Credit crisis may delay biofuels development
London, September 29, 2008
A global pull-back from bank lending may dent the commercialisation of biofuel technologies to replace conventional gasoline, said the chief executive of US cellulosic ethanol firm BlueFire Ethanol.
A credit crisis which claimed more bank victims on Monday has raised project finance costs and made ambitious targets to replace fossil fuels with renewable energy sources look less achievable.
'Longer term, yes... the issue of capital may slow us down,' Arnold Klann told Reuters on Monday. BlueFire Ethanol was hoping alternative investors including hedge funds may bridge any shortfall in bank lending, he added.
A global transition to renewable sources of energy, including waste, to replace gasoline and wind and solar power to replace gas and coal-fired power generation, is meant to cut carbon emissions and improve security of energy supply.
The credit crisis could slow that transition both through more costly finance and by diverting subsidies from renewables, which are often more expensive than conventional fossil fuels.
US Democratic presidential candidate Barack Obama on Friday said that he may have to scale back his US energy investment plans, if elected, in order to help pay for a planned $700 billion financial market bailout.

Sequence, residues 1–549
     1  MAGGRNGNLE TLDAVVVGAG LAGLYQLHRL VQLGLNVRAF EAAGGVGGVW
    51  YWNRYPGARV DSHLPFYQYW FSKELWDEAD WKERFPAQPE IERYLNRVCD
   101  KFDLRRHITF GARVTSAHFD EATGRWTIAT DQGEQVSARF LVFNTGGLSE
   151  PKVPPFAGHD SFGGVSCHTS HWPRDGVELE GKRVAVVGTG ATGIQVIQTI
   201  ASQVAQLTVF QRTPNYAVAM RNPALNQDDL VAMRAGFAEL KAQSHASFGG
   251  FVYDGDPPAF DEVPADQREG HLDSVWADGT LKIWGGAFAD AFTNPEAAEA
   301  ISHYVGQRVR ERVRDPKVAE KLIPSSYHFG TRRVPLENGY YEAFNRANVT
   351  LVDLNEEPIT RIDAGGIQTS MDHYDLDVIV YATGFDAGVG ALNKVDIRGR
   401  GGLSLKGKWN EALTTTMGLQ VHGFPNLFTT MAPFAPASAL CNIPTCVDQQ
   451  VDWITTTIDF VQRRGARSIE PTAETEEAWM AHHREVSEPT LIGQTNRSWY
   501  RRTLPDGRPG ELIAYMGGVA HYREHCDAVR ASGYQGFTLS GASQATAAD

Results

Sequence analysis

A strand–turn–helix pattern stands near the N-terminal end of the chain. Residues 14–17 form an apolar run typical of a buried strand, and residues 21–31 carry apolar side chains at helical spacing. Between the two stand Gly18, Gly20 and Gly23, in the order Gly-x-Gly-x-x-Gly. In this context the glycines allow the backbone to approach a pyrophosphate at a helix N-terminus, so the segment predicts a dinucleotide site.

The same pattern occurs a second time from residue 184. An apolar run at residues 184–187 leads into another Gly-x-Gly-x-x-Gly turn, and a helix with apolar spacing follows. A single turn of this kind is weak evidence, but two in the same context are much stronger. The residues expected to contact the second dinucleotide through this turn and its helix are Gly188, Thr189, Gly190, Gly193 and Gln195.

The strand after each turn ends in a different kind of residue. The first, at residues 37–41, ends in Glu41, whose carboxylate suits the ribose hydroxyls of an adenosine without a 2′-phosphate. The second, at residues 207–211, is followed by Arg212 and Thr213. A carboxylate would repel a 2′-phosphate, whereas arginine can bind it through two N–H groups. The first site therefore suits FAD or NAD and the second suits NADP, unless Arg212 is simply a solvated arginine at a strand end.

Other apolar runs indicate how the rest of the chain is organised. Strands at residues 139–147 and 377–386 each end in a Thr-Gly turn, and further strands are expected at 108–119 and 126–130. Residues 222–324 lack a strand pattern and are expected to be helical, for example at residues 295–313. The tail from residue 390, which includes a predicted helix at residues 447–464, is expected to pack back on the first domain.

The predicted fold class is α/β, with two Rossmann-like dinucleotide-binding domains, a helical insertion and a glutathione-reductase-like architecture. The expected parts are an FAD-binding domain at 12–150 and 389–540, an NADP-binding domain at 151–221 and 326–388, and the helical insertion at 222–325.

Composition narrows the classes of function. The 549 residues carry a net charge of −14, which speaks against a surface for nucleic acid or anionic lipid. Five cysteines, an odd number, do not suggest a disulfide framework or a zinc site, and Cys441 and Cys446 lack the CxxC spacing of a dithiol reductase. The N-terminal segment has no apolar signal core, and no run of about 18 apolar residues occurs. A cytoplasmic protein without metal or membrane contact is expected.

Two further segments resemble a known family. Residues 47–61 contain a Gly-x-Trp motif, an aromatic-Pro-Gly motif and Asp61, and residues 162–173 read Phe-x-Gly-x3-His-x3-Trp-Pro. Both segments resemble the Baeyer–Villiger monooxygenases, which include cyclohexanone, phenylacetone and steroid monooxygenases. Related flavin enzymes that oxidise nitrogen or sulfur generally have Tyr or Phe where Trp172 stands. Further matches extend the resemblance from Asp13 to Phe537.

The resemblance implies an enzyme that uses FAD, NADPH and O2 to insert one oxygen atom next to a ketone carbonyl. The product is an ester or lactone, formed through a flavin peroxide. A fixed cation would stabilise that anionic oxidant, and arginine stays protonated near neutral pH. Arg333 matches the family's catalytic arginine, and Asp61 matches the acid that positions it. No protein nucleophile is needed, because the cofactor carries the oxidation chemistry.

Obama did not detail which aspect of his plans may be trimmed. He has previously promised to invest $150 billion over the next decade to develop affordable, renewable energy sources and clean coal, touting these as a long-term energy solution rather than new, off-shore oil drilling.
BlueFire Ethanol is targeting up to 84 plants by 2022 producing more than 4 billion gallons annually of second generation biofuels, which consume waste rather than crops and so do not stoke food prices as corn and oil seed-based biofuels.
The United States has mandated 16 billion gallons a year of such cellulosic ethanol production by 2022, to ease the pressure of biofuels on agricultural land struggling to feed a growing, more prosperous world population.
That compares with about 150 billion gallons annual gasoline consumption in the United States now, Klann said.
Cellulosic ethanol producers use enzymes or acid to convert waste from plants, including grass, wood chips and cardboard, to produce sugar and ethanol, but the infant industry so far is producing next to nothing on a commercial scale.
BlueFire Ethanol is targeting two demonstration-scale plants using concentrated acid to convert municipal waste into a little over 3 million and 17 million gallons of ethanol annually, to come on line in 2009 and 2010 respectively.
'We're good on these, I think,' said Klann, referring to those deadlines.
The capital costs of the two plants would be $30 million and $150 million respectively, and would produce cellulosic ethanol at a cost of $1.4 and $1 per gallon, which compares with ethanol prices of over $2.20 a gallon.
Some analysts already doubt the practicality of ambitious European Union goals to get a fifth of all energy consumption from renewable sources by 2020.
The EU renewable energy sector faced an annual 21 billion euros shortfall in debt finance to meet that goal by 2020, both because of the credit crisis and the pace of growth of the sector, a Rabobank banker said earlier this month.-Reuters
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